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Poems of Sidney Lanier.

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He kissed her lip, she kissed his battle-scar.
They quarrelled soon, and went two ways, afar.
O Life! I laughed, Nirvana.

And never a king but had some king above,
And never a law to right the wrongs of Love,
And ever a fanged snake beneath a dove,
Saw I on earth, Nirvana.

But I, with kingship over kings, am free.
I love not, hate not: right and wrong agree:
And fangs of snakes and lures of doves to me
Are vain, are vain, Nirvana.

So by mine inner contemplation long,
By thoughts that need no speech nor oath nor song,
My spirit soars above the motley throng
Of days and nights, Nirvana.

O Suns, O Rains, O Day and Night, O Chance,
O Time besprent with seven-hued circumstance,
I float above ye all into the trance
That draws me nigh Nirvana.

Gods of small worlds, ye little Deities
Of humble Heavens under my large skies,
And Governor-Spirits, all, I rise, I rise,
I rise into Nirvana.

The storms of Self below me rage and die.
On the still bosom of mine ecstasy,
A lotus on a lake of balm, I lie
Forever in Nirvana.

Macon, Georgia, 1869.

| The two poems which follow "The Raven Days" have not |
| been included in earlier editions. All three are calls |
| from those desperate years for the South just after the Civil War. |
| The reader of to-day, seeing that forlorn period |
| in the just perspective of half a century, will not wonder |
| at the tone of anguished remonstrance; but, rather, |
| that so few notes of mourning have come from a poet |
| who missed nothing of what the days of Reconstruction |
| brought to his people. |

The Raven Days.

Our hearths are gone out and our hearts are broken,
And but the ghosts of homes to us remain,
And ghastly eyes and hollow sighs give token
From friend to friend of an unspoken pain.

O Raven days, dark Raven days of sorrow,
Bring to us in your whetted ivory beaks
Some sign out of the far land of To-morrow,
Some strip of sea-green dawn, some orange streaks.

Ye float in dusky files, forever croaking.
Ye chill our manhood with your dreary shade.
Dumb in the dark, not even God invoking,
We lie in chains, too weak to be afraid.

O Raven days, dark Raven days of sorrow,
Will ever any warm light come again?
Will ever the lit mountains of To-morrow
Begin to gleam athwart the mournful plain?

Prattville, Alabama, February, 1868.

Our Hills.

Dear Mother-Earth
Of Titan birth,
Yon hills are your large breasts, and often I
Have climbed to their top-nipples, fain and dry
To drink my mother's-milk so near the sky.

O ye hill-stains,
Red, for all rains!
The blood that made you has all bled for us,
The hearts that paid you are all dead for us,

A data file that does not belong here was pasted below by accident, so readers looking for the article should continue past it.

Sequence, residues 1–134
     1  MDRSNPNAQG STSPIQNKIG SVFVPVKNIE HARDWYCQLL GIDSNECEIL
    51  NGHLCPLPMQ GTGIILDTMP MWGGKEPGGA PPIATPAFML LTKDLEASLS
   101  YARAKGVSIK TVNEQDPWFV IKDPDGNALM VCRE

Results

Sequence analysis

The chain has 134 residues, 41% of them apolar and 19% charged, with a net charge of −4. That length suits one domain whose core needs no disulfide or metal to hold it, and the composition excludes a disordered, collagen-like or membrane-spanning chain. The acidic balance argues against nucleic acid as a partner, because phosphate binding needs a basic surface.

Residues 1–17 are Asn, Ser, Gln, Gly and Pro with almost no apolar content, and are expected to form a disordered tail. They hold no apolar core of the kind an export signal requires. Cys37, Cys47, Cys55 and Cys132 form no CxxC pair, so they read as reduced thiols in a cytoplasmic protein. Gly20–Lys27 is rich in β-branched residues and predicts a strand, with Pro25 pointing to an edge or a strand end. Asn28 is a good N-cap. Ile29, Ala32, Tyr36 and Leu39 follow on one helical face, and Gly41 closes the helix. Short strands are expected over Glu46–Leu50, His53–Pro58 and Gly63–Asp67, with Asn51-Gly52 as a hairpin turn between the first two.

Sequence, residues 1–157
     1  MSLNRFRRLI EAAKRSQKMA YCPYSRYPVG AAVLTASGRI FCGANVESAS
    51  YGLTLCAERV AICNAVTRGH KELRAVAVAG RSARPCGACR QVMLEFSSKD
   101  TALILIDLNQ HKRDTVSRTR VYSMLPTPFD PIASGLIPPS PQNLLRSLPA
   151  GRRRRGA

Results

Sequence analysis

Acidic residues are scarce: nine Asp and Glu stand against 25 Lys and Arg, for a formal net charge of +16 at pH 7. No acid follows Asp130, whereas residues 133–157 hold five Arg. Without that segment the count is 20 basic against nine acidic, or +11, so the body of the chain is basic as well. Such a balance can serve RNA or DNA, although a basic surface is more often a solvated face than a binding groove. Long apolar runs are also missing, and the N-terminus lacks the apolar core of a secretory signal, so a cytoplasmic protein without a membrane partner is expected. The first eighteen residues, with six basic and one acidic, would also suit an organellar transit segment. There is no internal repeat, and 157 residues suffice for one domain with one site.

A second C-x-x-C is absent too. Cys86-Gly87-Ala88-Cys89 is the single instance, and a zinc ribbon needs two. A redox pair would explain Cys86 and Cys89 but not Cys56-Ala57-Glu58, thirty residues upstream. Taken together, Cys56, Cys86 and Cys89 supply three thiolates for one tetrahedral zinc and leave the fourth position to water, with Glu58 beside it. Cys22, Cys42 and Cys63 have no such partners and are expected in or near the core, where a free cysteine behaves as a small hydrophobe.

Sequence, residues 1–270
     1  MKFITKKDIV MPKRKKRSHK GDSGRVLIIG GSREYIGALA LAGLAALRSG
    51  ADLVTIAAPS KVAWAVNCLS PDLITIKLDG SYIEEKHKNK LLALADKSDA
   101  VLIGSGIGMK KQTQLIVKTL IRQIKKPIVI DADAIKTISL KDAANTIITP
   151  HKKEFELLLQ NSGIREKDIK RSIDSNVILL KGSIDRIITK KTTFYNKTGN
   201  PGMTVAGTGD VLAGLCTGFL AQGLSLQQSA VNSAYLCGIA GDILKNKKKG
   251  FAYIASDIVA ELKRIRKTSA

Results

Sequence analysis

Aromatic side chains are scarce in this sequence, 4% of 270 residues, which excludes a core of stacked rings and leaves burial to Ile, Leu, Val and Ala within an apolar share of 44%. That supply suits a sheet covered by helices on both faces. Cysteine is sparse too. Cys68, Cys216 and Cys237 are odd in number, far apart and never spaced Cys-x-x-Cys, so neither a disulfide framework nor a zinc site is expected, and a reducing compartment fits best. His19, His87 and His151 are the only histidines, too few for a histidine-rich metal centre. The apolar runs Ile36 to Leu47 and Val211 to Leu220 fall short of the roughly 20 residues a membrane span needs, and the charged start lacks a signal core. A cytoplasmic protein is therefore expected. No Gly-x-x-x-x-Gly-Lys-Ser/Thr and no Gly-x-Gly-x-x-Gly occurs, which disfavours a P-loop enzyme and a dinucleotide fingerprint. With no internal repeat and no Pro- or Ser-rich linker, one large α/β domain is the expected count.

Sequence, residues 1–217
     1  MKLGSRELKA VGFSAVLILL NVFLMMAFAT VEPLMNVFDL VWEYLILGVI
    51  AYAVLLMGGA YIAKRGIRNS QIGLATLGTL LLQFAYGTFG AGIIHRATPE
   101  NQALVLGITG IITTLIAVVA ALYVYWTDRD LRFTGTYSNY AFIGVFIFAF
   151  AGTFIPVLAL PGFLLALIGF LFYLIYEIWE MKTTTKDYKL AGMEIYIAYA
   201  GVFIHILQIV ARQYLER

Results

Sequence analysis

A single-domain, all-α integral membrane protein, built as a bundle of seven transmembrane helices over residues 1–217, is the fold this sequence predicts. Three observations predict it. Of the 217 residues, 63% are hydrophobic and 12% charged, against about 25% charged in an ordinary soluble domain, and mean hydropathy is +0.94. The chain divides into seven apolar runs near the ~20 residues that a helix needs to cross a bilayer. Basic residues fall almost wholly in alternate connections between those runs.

The trees that shade you groan with lead, for us!

And O, hill-sides,
Like giants' brides
Ye sleep in ravine-rumpled draperies,
And weep your springs in tearful memories
Of days that stained your robes with stains like these!

Sleep on, ye hills!
Weep on, ye rills!
The stainers have decreed the stains shall stay.
They chain the hands might wash the stains away.
They wait with cold hearts till we "rue the day".

O Mother-Earth
Of Titan birth,
Thy mother's-milk is curdled with aloe.
-- Like hills, Men, lift calm heads through any woe,
And weep, but bow not an inch, for any foe!

Thou Sorrow-height
We climb by night,
Thou hast no hell-deep chasm save Disgrace.
To stoop, will fling us down its fouled space:
Stand proud! The Dawn will meet us, face to face,
For down steep hills the Dawn loves best to race!

Laughter in the Senate.

In the South lies a lonesome, hungry Land;
He huddles his rags with a cripple's hand;
He mutters, prone on the barren sand,
What time his heart is breaking.

He lifts his bare head from the ground;
He listens through the gloom around:
The winds have brought him a strange sound
Of distant merrymaking.

Comes now the Peace so long delayed?
Is it the cheerful voice of Aid?
Begins the time his heart has prayed,
When men may reap and sow?

Ah, God! Back to the cold earth's breast!
The sages chuckle o'er their jest;
Must they, to give a people rest,
Their dainty wit forego?

The tyrants sit in a stately hall;
They jibe at a wretched people's fall;
The tyrants forget how fresh is the pall
Over their dead and ours.

Look how the senators ape the clown,
And don the motley and hide the gown,
But yonder a fast-rising frown
On the people's forehead lowers.


Baby Charley.

He's fast asleep. See how, O Wife,
Night's finger on the lip of life
Bids whist the tongue, so prattle-rife,
Of busy Baby Charley.

One arm stretched backward round his head,
Five little toes from out the bed
Just showing, like five rosebuds red,
-- So slumbers Baby Charley.

Heaven-lights, I know, are beaming through
Those lucent eyelids, veined with blue,
That shut away from mortal view
Large eyes of Baby Charley.

O sweet Sleep-Angel, throned now